Improving the Nation's Cybersecurity: NIST’s Responsibilities under the May 2021 Executive Order

Overview:

The President’s Executive Order (EO) on “Improving the Nation’s Cybersecurity (14028)” issued on May 12, 2021, charges multiple agencies – including NIST– with enhancing cybersecurity through a variety of initiatives related to the security and integrity of the software supply chain.

Section 4 of the EO directs NIST to solicit input from the private sector, academia, government agencies, and others and to identify existing or develop new standards, tools, best practices, and other guidelines to enhance software supply chain security. Those guidelines are to include: 

  • criteria to evaluate software security,  
  • criteria to evaluate the security practices of the developers and suppliers themselves, and 
  • innovative tools or methods to demonstrate conformance with secure practices. 

The EO calls for NIST to consult with the National Security Agency (NSA), Office of Management and Budget (OMB), Cybersecurity & Infrastructure Security Agency (CISA), and the Director of National Intelligence (DNI) and then to define “critical software” by June 26, 2021.  

NIST is to publish guidance outlining security measures for critical software by July 11, 2021, after consulting with CISA and OMB. 

Also by July 11, 2021, after consulting with the NSA, NIST will publish guidelines recommending minimum standards for vendors’ testing of their software source code

By November 8, 2021, NIST is to publish preliminary guidelines, based on stakeholder input and existing documents for enhancing software supply chain security. 

By February 6, 2022, after consulting heads of various agencies, NIST will issue guidance that identifies practices that enhance software supply chain security, with references to standards, procedures, and criteria.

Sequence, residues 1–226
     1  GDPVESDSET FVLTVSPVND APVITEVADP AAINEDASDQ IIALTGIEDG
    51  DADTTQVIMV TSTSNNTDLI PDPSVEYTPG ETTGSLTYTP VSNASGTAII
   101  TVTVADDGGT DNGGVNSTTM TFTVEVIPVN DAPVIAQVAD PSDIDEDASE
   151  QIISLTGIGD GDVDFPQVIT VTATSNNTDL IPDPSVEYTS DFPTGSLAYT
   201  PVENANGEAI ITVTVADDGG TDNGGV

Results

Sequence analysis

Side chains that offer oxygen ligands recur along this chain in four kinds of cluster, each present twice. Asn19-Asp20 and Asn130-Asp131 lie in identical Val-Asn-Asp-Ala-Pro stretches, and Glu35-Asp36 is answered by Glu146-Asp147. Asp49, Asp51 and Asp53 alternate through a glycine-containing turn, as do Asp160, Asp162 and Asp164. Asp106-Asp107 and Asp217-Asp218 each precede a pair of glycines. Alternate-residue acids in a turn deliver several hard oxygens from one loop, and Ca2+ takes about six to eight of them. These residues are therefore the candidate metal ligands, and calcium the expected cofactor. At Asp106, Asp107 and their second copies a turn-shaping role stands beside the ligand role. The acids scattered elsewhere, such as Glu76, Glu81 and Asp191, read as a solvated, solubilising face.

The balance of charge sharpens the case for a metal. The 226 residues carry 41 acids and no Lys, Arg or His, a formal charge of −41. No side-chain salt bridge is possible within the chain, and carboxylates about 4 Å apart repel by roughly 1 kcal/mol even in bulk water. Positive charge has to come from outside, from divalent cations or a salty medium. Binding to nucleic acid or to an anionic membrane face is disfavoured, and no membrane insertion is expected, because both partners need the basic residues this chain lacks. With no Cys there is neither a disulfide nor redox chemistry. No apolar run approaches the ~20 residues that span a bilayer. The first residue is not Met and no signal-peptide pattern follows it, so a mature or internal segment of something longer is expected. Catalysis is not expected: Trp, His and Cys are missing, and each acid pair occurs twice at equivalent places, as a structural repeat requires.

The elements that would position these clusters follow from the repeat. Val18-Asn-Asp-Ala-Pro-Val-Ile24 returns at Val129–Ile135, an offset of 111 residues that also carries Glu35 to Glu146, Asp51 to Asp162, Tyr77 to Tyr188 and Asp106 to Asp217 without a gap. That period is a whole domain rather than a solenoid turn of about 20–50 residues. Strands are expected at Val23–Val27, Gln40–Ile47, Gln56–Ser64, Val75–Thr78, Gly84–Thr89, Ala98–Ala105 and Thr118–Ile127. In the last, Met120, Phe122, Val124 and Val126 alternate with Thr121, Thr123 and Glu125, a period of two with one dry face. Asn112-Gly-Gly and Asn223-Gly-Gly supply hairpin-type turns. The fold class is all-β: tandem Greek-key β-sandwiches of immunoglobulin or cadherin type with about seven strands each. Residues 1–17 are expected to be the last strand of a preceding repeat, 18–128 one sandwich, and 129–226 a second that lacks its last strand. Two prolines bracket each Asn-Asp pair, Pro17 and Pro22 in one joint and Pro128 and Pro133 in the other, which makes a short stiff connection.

By May 8, 2022, NIST will publish additional guidelines, including procedures for periodically reviewing and updating guidelines. 

The EO also directs NIST to initiate two labeling programs related to the Internet of Things (IoT) and software to inform consumers about the security of their products. Those efforts have initial deadlines of February 6, 2022. Like its other assignments in the EO, NIST will rely heavily on stakeholder ideas and information in carrying out these tasks.


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Critical Software

The Executive Order (EO) on Improving the Nation’s Cybersecurity (14028) assigns NIST with three specific directives relating to critical software.

First, NIST is to consult with the National Security Agency (NSA), Office of Management and Budget (OMB), Cybersecurity & Infrastructure Security Agency (CISA), and the Director of National Intelligence (DNI) and then to define “critical software” by June 26, 2021.  

Second, NIST is to publish guidance outlining security measures for critical software by July 11, 2021, after consulting with CISA and OMB. 
 

Critical Software Definition

Critical Software: Enhancing the Security of the Software Supply Chain

One of NIST’s assignments to enhance the security of the software supply chain called for by May 12, 2021, Presidential Executive Order on Improving the Nation’s Cybersecurity (14028) is to publish a definition of “critical software.”

The executive order (EO) directs the Cybersecurity & Infrastructure Security Agency (CISA) to develop a list of software categories and products in use or in the acquisition process which meet this definition of critical software.

To coordinate the definition with its eventual application, NIST solicited position papers from the community, hosted a virtual workshop to gather input, and consulted with CISA, the Office of Management and Budget (OMB), the Office of the Director of National Intelligence (ODNI), and the National Security Agency (NSA) to develop the definition, the concept of a phased implementation, and a preliminary list of common categories of software that would fall within the scope for the initial phase. Additional guidance on applying this definition for implementing the EO will be forthcoming from CISA and OMB. NIST worked closely with CISA and OMB to ensure that the definition and recommendations are consistent with their plans. 

The specific definition of critical software is included in a NIST white paper.

Critical Software Definition - Introduction

October 13, 2021

Note:
NIST is updating its characterization of critical software to reflect conversations with the National Security Council (NSC) and the Office of Management and Budget (OMB). The definition of critical software applies only to Government management of software (Sections 4i and 4j). The requirements in 4e and 4k related to acquisition apply to all software, not just to critical software. This does not alter the definition of critical software, although it changes NIST’s initial guidance about how the definition should be used.  NIST has modified several FAQs accordingly.